Courtesy of the Sundance Institute.

The Michigan Daily film writers love to watch and discuss films at the cutting edge of storytelling and there is no place better to do so than the Sundance Film Festival. After two years attending the festival only online, writers and editors for the Film Beat have trudged through snow and taken planes, trains and automobiles to arrive at Park City, Utah. Our coverage will include the premieres of dramas, romances, documentaries and everything in between. Welcome to our discussion on films made with Oscar winners and first-time filmmakers alike.

Nothing could damper my excitement for my first day at the Sundance Film Festival — not even a 24-hour travel ordeal in which I was deprived of food, water and sleep. Jan. 20 had a rocky start.

Erin and I made our way to the bus stop at 5 a.m., navigating darkness and 20 degree weather with a wind chill factor of 17. Three stops into our bus ride, we realized we were riding the wrong one. We regrouped and defrosted in the lobby of the University Orthopedic Center at the University of Utah, where we gave in and got an Uber. 

To make this strange day even stranger, I chose a 9 a.m. screening of “Run Rabbit Run,” an Australian horror film, as my first festival feature experience. “Run Rabbit Run,” directed by Daina Reid (“The Handmaid’s Tale”) follows Sarah (Sarah Snook, “Succession”), a mother forced to revisit her past after her daughter Mia (Lily LaTorre, “The Clearing”) begins to embody it.

Mia and Sarah are grieving Sarah’s late father (Neil Melville, “Five Bedrooms”) and Sarah is grappling with the estrangement of her sick mother (Greta Scacchi, “Presumed Innocent”). The film begins on Mia’s 7th birthday. The significance of her age becomes apparent as the story unfolds — Reid uses every opportunity to provide the audience with purposeful information and veiled clues. A rabbit appears on Sarah’s doorstep which, to Sarah’s annoyance, Mia insists on keeping. The rabbit becomes an ominous presence, never straying far from Mia and biting Sarah when she attempts to force it out of the backyard. 

In the days following Mia’s birthday, it is revealed that Sarah has more baggage than the film first lets on. Mia becomes insistent that she is not Mia, but Alice: Sarah’s sister who went missing at age 7 and about whom Sarah is painfully reluctant to speak. While it is suggested that Mia’s shift in behavior is a manifestation of her own grief and anxiety, it soon becomes clear something sinister has bewitched her. Reminiscent of “The Omen” and “Pet Sematary,” Mia takes on the role of “creepy child antagonist” and Sarah as “concerned, freaked mother.” LaTorre’s performance is impressive for such a young actress, conjuring feelings of resentment, irritation and dread. Snook doesn’t disappoint either, her steep descent into psychological torment as exhausting and anxiety-inducing as needed to make this an effective horror film.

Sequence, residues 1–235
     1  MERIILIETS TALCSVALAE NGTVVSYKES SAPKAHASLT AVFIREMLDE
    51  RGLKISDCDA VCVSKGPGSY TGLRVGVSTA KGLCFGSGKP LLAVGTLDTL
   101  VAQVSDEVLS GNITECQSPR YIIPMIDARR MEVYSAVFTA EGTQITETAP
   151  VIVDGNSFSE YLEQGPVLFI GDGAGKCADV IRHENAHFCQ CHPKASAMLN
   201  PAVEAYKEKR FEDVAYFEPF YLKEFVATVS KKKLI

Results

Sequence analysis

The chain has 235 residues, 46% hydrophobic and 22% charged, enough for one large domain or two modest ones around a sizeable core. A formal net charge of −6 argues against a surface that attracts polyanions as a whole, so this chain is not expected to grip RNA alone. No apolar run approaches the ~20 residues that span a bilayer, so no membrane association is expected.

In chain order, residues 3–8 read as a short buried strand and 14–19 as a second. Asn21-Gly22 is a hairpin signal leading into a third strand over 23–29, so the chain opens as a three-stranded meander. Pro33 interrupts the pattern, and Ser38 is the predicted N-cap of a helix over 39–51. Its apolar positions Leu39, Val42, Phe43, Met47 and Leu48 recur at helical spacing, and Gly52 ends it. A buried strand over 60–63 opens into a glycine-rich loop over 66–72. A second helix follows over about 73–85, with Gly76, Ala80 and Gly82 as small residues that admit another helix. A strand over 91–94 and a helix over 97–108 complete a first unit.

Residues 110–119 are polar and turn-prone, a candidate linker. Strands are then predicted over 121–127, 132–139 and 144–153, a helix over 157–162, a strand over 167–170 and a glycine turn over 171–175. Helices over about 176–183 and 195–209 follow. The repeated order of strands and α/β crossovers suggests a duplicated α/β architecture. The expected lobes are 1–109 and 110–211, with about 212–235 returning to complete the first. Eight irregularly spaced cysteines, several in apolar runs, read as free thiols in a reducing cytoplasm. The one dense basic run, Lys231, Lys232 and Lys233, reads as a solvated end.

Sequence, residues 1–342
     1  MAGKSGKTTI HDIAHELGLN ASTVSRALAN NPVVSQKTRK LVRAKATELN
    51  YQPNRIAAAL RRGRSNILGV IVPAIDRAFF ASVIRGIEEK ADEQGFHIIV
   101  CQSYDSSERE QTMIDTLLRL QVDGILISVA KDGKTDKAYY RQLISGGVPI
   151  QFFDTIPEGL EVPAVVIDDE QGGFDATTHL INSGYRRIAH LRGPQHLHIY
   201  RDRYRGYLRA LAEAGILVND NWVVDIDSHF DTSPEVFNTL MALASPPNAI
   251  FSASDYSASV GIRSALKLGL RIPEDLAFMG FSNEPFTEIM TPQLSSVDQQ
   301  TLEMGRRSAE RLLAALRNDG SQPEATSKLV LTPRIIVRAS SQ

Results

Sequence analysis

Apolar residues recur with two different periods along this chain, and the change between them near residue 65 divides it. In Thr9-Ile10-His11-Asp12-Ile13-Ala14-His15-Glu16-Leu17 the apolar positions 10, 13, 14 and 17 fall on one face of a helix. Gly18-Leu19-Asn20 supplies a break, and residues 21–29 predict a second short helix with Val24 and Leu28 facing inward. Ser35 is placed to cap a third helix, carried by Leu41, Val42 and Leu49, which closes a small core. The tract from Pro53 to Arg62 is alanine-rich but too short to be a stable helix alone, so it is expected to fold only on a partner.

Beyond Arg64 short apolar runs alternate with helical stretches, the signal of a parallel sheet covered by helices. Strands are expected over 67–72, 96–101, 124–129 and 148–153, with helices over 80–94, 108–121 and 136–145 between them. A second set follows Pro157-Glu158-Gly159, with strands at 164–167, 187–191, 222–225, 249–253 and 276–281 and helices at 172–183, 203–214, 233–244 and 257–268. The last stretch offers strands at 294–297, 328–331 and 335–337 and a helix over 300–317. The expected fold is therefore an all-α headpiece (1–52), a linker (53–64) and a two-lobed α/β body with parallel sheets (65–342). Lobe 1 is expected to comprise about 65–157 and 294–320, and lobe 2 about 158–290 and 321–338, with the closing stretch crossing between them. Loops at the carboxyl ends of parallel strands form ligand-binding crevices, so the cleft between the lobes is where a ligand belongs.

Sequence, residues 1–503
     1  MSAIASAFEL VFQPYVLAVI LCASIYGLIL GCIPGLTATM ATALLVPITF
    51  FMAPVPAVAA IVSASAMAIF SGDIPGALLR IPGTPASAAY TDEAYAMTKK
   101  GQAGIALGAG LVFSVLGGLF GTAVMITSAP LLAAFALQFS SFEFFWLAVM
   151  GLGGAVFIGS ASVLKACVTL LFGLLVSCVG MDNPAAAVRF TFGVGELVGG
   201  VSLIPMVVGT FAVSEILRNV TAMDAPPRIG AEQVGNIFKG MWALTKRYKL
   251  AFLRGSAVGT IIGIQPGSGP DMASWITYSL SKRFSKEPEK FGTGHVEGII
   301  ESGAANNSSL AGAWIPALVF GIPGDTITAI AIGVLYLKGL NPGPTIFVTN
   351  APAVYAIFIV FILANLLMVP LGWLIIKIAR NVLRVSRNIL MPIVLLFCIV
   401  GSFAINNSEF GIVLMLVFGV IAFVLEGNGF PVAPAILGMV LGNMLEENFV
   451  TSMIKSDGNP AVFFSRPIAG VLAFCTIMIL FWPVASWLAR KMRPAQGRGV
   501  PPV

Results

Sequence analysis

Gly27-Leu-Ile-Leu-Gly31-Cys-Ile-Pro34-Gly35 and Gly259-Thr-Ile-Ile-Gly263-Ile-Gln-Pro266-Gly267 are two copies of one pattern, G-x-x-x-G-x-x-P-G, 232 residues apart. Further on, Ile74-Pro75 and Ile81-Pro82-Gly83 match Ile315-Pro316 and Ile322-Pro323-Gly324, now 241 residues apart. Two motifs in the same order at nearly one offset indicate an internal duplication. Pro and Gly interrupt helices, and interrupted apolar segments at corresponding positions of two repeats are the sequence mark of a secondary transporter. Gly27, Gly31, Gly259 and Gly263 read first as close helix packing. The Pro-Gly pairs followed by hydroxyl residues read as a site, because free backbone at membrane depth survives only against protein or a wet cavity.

Sarah and Mia (Alice?) find themselves lost in an extraordinary world where ghosts haunt dreams and reality, the only world where Alice seems to manifest. If you look carefully, allusions to “Alice in Wonderland” can be found sprinkled throughout the film. Although Reid does nothing more than allude to this connection, Alice and the white rabbit symbolize the odd and the unknown in this film as well as the children’s story. There are even several slow-zoom shots of confined, dark and empty spaces that inversely seem gaping and endless, as if beckoning the onlooker down the rabbit hole. The cinematography is exquisite and crafts the film’s foreboding mood. The look of the film is subtle and understated, propped up by pleasing sets and a keen awareness of camera framing and composition. 

The film’s first half exemplifies how not to suffocate an exposition with empty context, building intrigue and introducing conflict while leaving room for speculation and contemplation. As a horror thriller, the most enjoyable part of watching “Run Rabbit Run” is attempting to make sense of the obscurities. The film prompts the audience to ask questions: Is Sarah a reliable narrator? Is this a story of the supernatural or of psychosis? Do Mia and the rabbit represent reincarnation or possession? The fun is in the mystery. 

“Run Rabbit Run” has you theorizing throughout, only to arrive at a perplexing and somewhat barren resolution. In Erin’s words, “I wanted this to be a movie about a little kid dealing with anxiety.” There is no rule that films should take things in the direction we hope — in fact it’s often better when they don’t — but it is difficult to appreciate a last act consisting of a meandering string of unusual events that are left unresolved. Rather than choosing a metaphorical approach, the film takes on a supernatural methodology that does not allow any conclusive, logical conclusions. Several scenes lack cohesive transitions, creating multiple moments that feel like abrupt endings — think the various endings to “The Lord of the Rings: Return of the King” but none of them particularly satisfying.

Despite an erratic final half, and though I can’t reveal much without spoiling it, I will note that there is a certain poetry to “Run Rabbit Run.” While lacking cohesion and general sense, the last act manages to create interesting symmetry with the curious events of the first, making for a thought-provoking digestion of the film as a whole. Very few films can skillfully sow seeds of suspicion and doubt without the audience’s awareness, and “Run Rabbit Run” does so aptly.

What begins with promise ultimately loses the effect I suspect “Run Rabbit Run” intended. But as my first Sundance screening, it will hold a special place in my heart. And there’s more to come. Stay tuned, and as the Park City locals say: Happy festing!

Daily Arts Writer Maya Ruder can be reached at